Kirkland Lake Gold Ltd.’s plan to acquire Detour Gold Corp. has been costly for Eric Sprott. How costly?
“I think my loss is $140-million,” the maverick gold investor said of the drop in value of his investment in Kirkland Lake in the two days since it announced its all-stock deal to acquire Detour. Mr. Sprott, who is Kirkland’s second-biggest shareholder, said this is also the biggest investment loss of his career, in such a short time period.
On Monday, Toronto-based Kirkland, one of the world’s most profitable gold companies, shocked the market by announcing it planned to buy struggling low-grade miner Detour Gold Corp. for $4.9-billion. Investors immediately soured on the deal. Kirkland Lake shares have lost about 16 per cent of their value since Monday.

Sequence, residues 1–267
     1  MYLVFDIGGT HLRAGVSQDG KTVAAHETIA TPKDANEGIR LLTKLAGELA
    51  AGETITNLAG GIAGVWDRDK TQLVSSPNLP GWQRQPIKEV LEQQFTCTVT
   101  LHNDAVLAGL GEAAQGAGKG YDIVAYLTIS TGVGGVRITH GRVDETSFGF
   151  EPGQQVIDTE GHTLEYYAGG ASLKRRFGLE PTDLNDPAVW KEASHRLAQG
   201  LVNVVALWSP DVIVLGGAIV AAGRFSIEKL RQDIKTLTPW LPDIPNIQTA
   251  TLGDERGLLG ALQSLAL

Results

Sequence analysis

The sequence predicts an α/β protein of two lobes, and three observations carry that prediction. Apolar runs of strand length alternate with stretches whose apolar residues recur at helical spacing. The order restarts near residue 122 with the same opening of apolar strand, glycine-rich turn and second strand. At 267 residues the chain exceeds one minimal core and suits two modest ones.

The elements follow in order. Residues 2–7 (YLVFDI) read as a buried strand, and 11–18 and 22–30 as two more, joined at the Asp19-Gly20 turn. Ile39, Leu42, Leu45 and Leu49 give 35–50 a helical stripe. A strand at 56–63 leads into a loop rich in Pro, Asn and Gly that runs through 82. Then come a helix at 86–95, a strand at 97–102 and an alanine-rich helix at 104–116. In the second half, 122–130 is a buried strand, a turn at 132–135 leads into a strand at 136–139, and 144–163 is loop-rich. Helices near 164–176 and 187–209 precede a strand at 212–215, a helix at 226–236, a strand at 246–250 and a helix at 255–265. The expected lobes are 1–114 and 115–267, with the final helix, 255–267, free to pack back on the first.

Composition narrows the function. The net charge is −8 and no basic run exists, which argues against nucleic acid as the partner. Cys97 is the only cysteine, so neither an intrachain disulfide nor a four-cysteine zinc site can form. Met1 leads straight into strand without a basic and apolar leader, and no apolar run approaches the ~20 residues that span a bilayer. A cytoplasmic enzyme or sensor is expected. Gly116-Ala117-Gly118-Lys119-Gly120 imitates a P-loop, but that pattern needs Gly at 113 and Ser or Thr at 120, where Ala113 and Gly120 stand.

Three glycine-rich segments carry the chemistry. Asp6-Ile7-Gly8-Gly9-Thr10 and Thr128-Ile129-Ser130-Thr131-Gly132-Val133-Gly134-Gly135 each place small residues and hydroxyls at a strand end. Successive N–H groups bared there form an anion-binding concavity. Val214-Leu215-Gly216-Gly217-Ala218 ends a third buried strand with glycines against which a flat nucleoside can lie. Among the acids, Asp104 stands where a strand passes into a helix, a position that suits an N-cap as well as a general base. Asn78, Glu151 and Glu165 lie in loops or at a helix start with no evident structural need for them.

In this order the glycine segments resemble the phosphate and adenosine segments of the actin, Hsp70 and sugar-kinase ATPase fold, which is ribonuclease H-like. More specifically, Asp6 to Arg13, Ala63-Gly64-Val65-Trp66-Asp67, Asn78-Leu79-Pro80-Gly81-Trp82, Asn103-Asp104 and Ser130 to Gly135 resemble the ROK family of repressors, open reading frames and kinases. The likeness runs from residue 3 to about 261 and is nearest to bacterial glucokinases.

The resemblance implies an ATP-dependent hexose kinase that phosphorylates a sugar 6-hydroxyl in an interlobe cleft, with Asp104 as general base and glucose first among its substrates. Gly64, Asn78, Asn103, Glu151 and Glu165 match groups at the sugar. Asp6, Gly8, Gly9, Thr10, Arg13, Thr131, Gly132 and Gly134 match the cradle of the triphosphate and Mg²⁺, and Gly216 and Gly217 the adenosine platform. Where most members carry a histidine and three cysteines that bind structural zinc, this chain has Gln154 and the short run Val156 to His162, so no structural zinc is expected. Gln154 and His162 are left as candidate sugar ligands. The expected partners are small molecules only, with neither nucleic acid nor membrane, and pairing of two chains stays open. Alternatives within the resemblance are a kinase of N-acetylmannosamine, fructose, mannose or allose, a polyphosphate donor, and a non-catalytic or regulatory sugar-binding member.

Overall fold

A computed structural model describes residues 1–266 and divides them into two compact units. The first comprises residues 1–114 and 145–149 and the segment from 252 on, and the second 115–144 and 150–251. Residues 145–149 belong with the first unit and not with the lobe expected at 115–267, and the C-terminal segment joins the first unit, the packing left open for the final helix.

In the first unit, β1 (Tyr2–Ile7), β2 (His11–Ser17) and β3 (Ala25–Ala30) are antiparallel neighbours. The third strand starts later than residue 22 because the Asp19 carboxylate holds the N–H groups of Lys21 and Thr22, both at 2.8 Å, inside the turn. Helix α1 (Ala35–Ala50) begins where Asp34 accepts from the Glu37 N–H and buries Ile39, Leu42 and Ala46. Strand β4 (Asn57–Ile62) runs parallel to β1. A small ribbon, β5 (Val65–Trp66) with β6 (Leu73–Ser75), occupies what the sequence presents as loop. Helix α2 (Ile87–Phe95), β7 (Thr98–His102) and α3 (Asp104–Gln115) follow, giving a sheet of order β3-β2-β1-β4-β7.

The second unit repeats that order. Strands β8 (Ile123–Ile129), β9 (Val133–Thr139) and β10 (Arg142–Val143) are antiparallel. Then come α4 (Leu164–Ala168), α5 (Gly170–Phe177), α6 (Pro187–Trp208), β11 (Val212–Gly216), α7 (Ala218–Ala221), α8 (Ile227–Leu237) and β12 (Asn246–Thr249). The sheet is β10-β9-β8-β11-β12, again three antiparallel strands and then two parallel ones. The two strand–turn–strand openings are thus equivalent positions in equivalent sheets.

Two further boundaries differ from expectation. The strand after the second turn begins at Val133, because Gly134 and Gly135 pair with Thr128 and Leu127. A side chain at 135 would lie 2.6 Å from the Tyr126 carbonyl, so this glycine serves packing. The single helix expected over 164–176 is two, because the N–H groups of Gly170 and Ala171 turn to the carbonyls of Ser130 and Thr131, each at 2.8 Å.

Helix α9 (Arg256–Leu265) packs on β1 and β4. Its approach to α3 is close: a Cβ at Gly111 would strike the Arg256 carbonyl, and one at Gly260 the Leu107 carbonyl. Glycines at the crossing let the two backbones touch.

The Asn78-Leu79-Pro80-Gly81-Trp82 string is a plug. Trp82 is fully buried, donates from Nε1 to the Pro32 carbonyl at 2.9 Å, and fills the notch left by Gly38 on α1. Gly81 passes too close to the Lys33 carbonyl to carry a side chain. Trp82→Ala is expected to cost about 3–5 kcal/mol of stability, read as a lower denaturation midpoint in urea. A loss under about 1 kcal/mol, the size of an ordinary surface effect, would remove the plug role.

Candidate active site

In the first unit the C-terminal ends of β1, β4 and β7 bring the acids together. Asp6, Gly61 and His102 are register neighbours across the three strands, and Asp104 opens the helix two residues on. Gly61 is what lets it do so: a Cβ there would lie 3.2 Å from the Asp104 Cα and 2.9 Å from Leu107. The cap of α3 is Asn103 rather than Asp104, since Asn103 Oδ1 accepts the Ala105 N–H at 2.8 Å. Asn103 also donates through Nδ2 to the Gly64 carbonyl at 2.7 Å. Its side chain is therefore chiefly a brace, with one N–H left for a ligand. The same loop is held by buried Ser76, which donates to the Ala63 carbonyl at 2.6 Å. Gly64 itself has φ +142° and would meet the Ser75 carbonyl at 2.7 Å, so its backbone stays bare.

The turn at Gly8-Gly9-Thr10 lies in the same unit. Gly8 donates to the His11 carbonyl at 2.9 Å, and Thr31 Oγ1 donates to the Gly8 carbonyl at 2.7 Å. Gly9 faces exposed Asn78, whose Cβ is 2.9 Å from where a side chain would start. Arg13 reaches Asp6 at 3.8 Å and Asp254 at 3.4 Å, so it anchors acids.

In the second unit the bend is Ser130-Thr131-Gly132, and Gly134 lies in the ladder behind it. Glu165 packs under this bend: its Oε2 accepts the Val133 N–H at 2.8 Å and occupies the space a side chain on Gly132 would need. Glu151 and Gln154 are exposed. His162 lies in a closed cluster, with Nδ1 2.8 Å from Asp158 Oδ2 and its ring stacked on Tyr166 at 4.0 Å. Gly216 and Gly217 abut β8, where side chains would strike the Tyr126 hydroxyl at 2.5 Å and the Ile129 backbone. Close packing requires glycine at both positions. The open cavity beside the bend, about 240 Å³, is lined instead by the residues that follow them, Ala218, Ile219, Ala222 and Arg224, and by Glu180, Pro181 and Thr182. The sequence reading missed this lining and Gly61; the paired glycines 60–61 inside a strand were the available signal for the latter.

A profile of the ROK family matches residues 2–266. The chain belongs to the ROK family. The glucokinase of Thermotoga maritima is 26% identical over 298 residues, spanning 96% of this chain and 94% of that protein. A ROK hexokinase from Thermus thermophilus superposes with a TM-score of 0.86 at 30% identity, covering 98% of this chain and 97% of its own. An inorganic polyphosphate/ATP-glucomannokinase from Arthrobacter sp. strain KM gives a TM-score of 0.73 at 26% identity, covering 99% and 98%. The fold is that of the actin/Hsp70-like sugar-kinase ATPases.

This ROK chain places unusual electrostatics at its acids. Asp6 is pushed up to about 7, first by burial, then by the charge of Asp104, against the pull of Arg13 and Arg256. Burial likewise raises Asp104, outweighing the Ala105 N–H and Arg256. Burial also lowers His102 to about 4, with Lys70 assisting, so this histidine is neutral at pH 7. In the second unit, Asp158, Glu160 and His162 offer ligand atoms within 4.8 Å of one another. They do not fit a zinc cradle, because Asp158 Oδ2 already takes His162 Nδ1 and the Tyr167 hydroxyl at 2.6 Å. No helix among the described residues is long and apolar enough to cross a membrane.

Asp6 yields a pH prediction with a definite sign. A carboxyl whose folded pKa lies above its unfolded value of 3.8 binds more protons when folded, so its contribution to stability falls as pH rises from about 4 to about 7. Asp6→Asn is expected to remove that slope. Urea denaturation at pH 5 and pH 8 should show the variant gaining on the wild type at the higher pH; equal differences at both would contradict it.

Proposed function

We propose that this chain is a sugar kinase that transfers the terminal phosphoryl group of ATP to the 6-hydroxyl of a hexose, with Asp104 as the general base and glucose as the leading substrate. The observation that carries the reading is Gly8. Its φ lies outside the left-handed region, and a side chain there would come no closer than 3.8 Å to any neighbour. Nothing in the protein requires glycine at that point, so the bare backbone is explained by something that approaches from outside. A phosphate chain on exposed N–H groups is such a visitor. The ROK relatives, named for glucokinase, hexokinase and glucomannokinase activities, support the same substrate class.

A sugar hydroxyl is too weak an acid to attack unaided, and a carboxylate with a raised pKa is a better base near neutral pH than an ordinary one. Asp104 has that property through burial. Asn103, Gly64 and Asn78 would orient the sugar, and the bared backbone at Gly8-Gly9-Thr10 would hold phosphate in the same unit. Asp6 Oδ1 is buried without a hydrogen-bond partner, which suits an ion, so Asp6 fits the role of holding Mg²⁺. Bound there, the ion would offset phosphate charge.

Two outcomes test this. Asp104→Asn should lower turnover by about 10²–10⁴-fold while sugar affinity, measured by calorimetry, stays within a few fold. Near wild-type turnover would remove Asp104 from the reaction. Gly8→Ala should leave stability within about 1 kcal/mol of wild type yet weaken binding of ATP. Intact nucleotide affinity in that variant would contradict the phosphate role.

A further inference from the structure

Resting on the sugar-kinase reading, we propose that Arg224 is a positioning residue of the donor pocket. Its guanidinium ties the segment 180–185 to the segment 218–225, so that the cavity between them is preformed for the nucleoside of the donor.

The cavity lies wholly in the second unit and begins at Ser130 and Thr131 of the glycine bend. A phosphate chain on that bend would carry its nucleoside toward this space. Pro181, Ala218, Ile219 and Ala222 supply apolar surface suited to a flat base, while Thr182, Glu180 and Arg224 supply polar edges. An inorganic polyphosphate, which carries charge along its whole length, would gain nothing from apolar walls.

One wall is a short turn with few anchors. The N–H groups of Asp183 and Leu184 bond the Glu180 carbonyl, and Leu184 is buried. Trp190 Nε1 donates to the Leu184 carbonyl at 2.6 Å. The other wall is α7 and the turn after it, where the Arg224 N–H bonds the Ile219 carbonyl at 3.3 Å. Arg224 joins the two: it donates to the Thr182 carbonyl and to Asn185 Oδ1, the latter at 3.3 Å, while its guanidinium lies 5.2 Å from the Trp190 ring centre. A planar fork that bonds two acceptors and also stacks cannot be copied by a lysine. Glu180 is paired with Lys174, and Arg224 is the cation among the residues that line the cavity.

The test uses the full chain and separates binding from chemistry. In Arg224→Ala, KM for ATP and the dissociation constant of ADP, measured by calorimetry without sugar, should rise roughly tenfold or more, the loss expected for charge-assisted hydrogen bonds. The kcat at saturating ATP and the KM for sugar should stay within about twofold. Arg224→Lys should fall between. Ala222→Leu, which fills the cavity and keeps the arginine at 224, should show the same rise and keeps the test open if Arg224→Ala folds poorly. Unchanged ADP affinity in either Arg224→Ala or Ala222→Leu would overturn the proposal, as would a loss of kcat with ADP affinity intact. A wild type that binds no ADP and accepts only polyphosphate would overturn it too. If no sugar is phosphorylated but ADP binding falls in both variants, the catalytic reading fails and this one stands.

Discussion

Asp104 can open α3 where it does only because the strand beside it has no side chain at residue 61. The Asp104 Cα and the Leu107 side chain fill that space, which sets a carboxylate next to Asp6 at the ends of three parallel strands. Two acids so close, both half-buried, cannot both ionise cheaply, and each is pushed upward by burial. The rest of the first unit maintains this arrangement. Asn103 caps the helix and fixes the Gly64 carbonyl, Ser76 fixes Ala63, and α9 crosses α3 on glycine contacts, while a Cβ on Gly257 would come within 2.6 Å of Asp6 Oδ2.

Shareholders will vote on the deal in January. A majority is needed for the deal to be approved. At the moment, Mr. Sprott says he isn’t sure which way he’s going to vote. He says he has to do a lot more homework to see if management is correct in its thesis that Detour can eventually be very profitable.
But he’s convinced Kirkland would lose the vote if it was held today, based on the market’s reaction.“If you had a vote of shareholders today, they’d vote it down, said Mr. Sprott, owner of more than 13 million shares in Kirkland Lake.
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